Analysts list targets for Medicare drug price negotiations
Amid reports that the Biden administration was gearing up to announce the first ten drugs that will be subject to Medicare price negotiations early this week, Wall Street analysts came up with their own lists of potential inclusions.
The pricing negotiations introduced as part of last year’s Inflation Reduction Act allow the Department of Health and Human Services (HHS) to bargain for Medicare Part D drugs for the first time in history.
While revised prices for the first ten drugs are unlikely to take effect until 2026, the impact will only grow afterwards as the list of targeted drugs expands.
With the addition of 15 more Part D drugs in 2027, 15 more Part B and D drugs in 2028, and 20 more Part B and D drugs annually thereafter, the program is expected to save an estimated $98.5B for the U.S. healthcare system over ten years.
Based on historical Medicare drug spending and other assumptions, analysts from Goldman Sachs, Wells Fargo, and Guggenheim came up last week with lists of drugs that Medicare could target for the first round of pricing negotiations.
A review of their predictions indicates that all three firms agreed with the inclusion of Eliquis, a blood thinner marketed by Bristol Myers (NYSE:BMY) and Pfizer (NYSE:PFE), Jardiance, a diabetes therapy developed by Eli Lilly (NYSE:LLY), and Imbruvica, a blood cancer therapy marketed by AbbVie (NYSE:ABBV).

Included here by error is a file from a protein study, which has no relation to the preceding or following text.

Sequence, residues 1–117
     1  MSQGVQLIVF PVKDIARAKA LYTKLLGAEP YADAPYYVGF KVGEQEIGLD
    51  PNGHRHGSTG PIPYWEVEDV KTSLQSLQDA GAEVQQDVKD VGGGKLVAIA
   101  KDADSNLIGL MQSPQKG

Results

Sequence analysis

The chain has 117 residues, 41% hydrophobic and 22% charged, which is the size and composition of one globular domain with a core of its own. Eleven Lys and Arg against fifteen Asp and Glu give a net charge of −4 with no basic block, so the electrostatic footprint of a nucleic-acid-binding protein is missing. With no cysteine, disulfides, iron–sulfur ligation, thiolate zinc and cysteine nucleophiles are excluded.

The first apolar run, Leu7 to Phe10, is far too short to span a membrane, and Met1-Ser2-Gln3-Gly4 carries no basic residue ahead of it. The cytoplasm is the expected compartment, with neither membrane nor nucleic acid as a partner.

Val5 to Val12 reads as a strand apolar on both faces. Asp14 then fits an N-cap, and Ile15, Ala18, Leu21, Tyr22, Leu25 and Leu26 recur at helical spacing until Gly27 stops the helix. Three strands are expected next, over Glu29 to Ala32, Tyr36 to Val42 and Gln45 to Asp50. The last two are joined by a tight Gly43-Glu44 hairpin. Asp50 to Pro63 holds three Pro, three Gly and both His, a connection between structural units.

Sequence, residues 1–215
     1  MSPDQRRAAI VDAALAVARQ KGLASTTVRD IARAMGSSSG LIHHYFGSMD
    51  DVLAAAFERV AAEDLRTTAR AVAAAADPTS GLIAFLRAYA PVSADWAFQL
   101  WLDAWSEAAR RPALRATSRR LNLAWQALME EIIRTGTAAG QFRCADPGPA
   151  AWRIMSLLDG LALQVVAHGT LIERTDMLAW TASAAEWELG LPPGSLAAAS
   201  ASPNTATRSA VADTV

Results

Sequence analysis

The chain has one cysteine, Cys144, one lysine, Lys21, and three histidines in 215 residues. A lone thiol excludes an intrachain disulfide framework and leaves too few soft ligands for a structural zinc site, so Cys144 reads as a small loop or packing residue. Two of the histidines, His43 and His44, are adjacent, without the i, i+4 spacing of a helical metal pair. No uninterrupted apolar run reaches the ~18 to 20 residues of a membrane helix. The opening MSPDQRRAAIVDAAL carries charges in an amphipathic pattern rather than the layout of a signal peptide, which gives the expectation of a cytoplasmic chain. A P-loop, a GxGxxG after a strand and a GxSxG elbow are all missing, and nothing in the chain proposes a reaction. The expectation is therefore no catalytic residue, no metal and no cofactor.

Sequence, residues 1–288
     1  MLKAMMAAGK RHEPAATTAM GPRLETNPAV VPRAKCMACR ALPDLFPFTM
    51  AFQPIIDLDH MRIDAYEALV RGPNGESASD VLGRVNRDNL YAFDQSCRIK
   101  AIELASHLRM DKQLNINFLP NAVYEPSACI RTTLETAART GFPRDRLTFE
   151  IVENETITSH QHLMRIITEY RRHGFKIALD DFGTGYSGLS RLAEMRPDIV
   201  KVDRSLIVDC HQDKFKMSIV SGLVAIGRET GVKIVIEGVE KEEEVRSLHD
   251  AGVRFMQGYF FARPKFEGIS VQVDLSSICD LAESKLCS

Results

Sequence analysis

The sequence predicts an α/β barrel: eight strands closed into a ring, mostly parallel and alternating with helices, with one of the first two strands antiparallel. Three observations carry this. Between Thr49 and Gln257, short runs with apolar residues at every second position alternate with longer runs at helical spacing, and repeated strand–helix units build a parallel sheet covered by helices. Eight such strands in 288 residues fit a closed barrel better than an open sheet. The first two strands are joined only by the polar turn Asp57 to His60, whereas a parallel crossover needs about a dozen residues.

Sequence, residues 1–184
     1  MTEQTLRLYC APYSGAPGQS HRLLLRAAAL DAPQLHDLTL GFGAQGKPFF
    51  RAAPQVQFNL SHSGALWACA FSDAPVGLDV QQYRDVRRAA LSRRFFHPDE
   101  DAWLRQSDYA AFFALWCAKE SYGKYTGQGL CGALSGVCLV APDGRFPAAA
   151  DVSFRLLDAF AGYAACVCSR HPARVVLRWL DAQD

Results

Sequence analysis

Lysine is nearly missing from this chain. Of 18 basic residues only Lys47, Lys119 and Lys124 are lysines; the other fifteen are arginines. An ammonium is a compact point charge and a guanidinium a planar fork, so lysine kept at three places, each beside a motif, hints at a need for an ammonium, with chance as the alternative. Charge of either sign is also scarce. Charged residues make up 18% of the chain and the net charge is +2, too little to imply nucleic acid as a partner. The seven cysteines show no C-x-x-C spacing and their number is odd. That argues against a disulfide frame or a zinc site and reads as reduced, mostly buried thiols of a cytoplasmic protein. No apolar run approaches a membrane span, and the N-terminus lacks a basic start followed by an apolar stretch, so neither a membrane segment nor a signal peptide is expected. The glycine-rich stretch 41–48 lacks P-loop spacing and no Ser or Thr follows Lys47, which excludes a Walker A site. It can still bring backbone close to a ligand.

In addition to the above, Goldman Sachs included Merck’s (MRK) anti-diabetic medication Januvia, Amgen’s (AMGN) rheumatoid arthritis therapy Enbrel, Pfizer’s (PFE) breast cancer therapy Ibrance, and Bristol Myers’ (BMY) multiple myeloma drug Pomalyst.
Wells Fargo added JNJ’s (JNJ) anticoagulant agent Xarelto and Boehringer Ingelheim’s COPD drug Spiriva Respimat instead of Januvia and Pomalyst in the Goldman Sachs list.
Analyst Mohit Bansal and the team exclude insulin products such as LLY’s Humalog, noting that the drugmaker’s decision to slash the prices of its insulin brands by 70% early this year will make additional price controls unlikely and punitive.
Guggenheim’s list includes LLY’s diabetes therapy Trulicity, JNJ’s (JNJ) Xarelto, AstraZeneca’s diabetes therapy Farxiga, and Merck’s (MRK) Januvia, in addition to six targets common to all three firms.
Guggenheim analysts led by Vamil Divan added that there will be minimal effect from the inclusion of Entresto and Farxiga as their copycat versions are expected to enter the market when revised prices are due, overshadowing the IRA impact.
The uncertainty over targeted drugs has kept biopharma investors at bay, with the VanEck Pharmaceutical ETF (PPH), which represents 25 of the largest global pharma stocks, underperforming the broader market this year.
However, given the depressed valuation, Goldman Sachs analysts led by Chris Shibutani do not think that the announcement of the final list, expected on Tuesday, could be a significant stock-moving event.
“These same stocks also currently occupy the lower end of the valuation ranges, setting up the potential, in our view, for some element of relief as uncertainties are progressively unveiled,” the analysts added, referring to the companies with the highest exposure to the initial pricing talks.
Meanwhile, Guggenheim expects regulatory and legal issues surrounding Medicare drug pricing negotiations to continue in the weeks ahead, given the ongoing legal battles over the program.
According to Goldman Sachs, there could be more impact when Medicare puts forward initial pricing proposals with the discounts applicable for selected drugs, which will not occur until at least February 1, 2024.